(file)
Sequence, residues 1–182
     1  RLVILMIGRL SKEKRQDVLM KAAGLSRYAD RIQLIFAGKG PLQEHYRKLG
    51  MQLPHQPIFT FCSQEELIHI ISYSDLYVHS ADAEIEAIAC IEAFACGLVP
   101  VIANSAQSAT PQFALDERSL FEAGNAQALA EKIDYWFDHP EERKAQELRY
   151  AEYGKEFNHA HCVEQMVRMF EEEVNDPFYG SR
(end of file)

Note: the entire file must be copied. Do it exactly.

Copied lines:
Sequence, residues 1–182
     1  RLVILMIGRL SKEKRQDVLM KAAGLSRYAD RIQLIFAGKG PLQEHYRKLG
    51  MQLPHQPIFT FCSQEELIHI ISYSDLYVHS ADAEIEAIAC IEAFACGLVP
   101  VIANSAQSAT PQFALDERSL FEAGNAQALA EKIDYWFDHP EERKAQELRY
   151  AEYGKEFNHA HCVEQMVRMF EEEVNDPFYG SR